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How to Make Kombucha Tea at Home

Kombucha Article Header

Kombucha is a fermented tea beverage brewed since ancient times. Although the exact origins are relatively unknown, the process has remained unchanged. A Symbiotic Culture of Bacteria and Yeast (SCOBY) ferments a sweet tea mixture to produce a refreshing, yet tart, tea beverage. Recently, Kombucha has become very popular as a healthy and refreshing beverage.

Kombucha can be made from a variety of different tea blends and can be flavored with fruit, herbs, and spices. It can even be carbonated. The best part is, you can brew kombucha at home very easily.

In this article, we’ll walk through how to brew kombucha at home in a one gallon batch. While much of the process will utilize basic tools from your kitchen, there is some specialized equipment that is needed. Northern Brewer sells a complete Kombucha brewing starter kit that includes what you need, but if you’ve made beer or wine, you may have a few of these things already.

• Fermenter 
• Funnel
• Butter muslin
• Rubber band
• Adhesive thermometer
• Tea ball
• SCOBY Symbiotic culture of bacteria & yeast
• Loose-leaf tea
• Raw cane sugar
• pH strips
• Testing pipette

• Small kitchen pot
• Stirring utensil
• Scissors
• Ladle
• 1 - Tbsp measuring spoon
• 1 - cup measuring cup
• Kitchen spoon
• 1 Gallon of clean quality water *we
Recommend either filtered or bottle
water for best results*

Let’s get started following the steps below:

1. Add 2 Tbsp of the loose leaf tea to the tea ball.

2. Add 1 quart of water to your pot and bring to a boil. When a boil is reached, turn
off the burner.

3. Place the tea ball into the water and steep for 6 minutes. Remove the tea ball.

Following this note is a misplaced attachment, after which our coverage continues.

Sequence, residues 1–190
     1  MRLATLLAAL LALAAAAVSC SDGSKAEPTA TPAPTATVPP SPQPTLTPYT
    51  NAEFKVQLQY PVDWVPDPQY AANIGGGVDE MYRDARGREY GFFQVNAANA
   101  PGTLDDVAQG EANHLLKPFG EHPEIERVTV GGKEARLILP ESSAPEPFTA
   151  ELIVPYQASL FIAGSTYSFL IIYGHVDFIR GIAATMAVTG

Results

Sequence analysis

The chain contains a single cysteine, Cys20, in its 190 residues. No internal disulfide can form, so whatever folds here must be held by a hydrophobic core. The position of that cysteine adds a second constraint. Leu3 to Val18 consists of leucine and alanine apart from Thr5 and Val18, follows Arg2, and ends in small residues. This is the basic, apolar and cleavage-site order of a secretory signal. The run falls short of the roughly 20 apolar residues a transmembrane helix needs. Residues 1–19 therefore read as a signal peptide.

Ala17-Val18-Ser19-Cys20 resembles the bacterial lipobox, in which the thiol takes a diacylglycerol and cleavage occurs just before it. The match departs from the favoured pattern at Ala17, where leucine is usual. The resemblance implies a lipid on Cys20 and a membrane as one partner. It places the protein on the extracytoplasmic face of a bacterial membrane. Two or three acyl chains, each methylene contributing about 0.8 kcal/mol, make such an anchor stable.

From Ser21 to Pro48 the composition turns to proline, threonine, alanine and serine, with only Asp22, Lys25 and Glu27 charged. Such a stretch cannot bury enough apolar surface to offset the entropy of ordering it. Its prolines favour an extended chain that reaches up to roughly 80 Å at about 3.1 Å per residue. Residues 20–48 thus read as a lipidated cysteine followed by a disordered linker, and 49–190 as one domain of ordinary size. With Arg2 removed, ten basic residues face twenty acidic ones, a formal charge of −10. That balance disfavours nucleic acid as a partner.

4. Add 1 cup of raw cane sugar into the hot water and stir until dissolved.

5. Cover the sweet tea mixture and let cool for 10 minutes. While the sweet tea is cooling, add the remaining 3 quarts of water to the fermenter. After sweet tea mixture has cooled, mix into the fermenter.

6. Cut open the plastic pouch containing the SCOBY and the starter liquid. Without touching the contents pour the liquid AND the SCOBY into the fermenter.

7. Using the pipette, remove a small amount of liquid from the fermenter and test the pH using the provided pH test strips. If the pH is 4.5 or below, move to step 8. If the pH is over 4.5, stir in 1 Tbsp of distilled white vinegar and test again until 4.5 or below.

8. Cover the fermenter with two layers of the provided butter muslin. Cut a section that is large enough to cover the opening of the fermenter while folded over in a double layer. The remaining muslin can be used for future batches. This allows plenty of airflow during fermentation, while also keeping out pests, such as fruit flies. Secure the muslin over the fermenter opening with the rubber band.

9. Place the fermenter in a warm location, out of direct sunlight. Anywhere between 72° - 80° F is ideal. Allow the fermentor to sit undisturbed for 7 days.

10. Around Day 7, you will see a new SCOBY grow to cover the surface of the liquid. This is normal and indicates healthy growth of the culture.

Using the pipette, while trying not to disturb the SCOBY, draw a tasting sample near the side of the fermenter. If the tea tastes too sweet, allow the kombucha to ferment longer. The flavor should have some tartness to it, but the balance between sweet and tart is a matter of personal taste. Repeat daily until the desired flavor is reached.

11. Use your pipette, remove a small amount of liquid to test the pH. Verify your Kombucha is within the ideal range of 2.5 to 3.5 pH.

12. Once your first batch of kombucha reaches your preferred flavor it is time to bottle or transfer into a serving vessel. Using the funnel and ladle or measuring cup, spoon kombucha from the fermenter and add to bottles or serving vessel. Leave roughly 2 cups of kombucha in the fermenter with the SCOBY. This liquid will keep the SCOBY alive and act as the starter liquid for your next batch.


• If you would like to create another batch of Kombucha (this kit includes enough cane sugar and tea for a second batch), start at step one and add to fermenter with starter liquid and SCOBY. Find our original recipes and refill kits at

• As long as the SCOBY is kept in a sufficient supply of starter liquid, your SCOBY will last for many future batches. Keep the fermenter covered with muslin between batches.

• Herbal or flavored teas are not recommended as they often lack the nutrients necessary for healthy fermentation. Some may even contain flavors that are harmful to the yeast or bacteria culture. Black Tea (and it’s derivatives: Green, White, etc) is the best choice.

Northern Brewer
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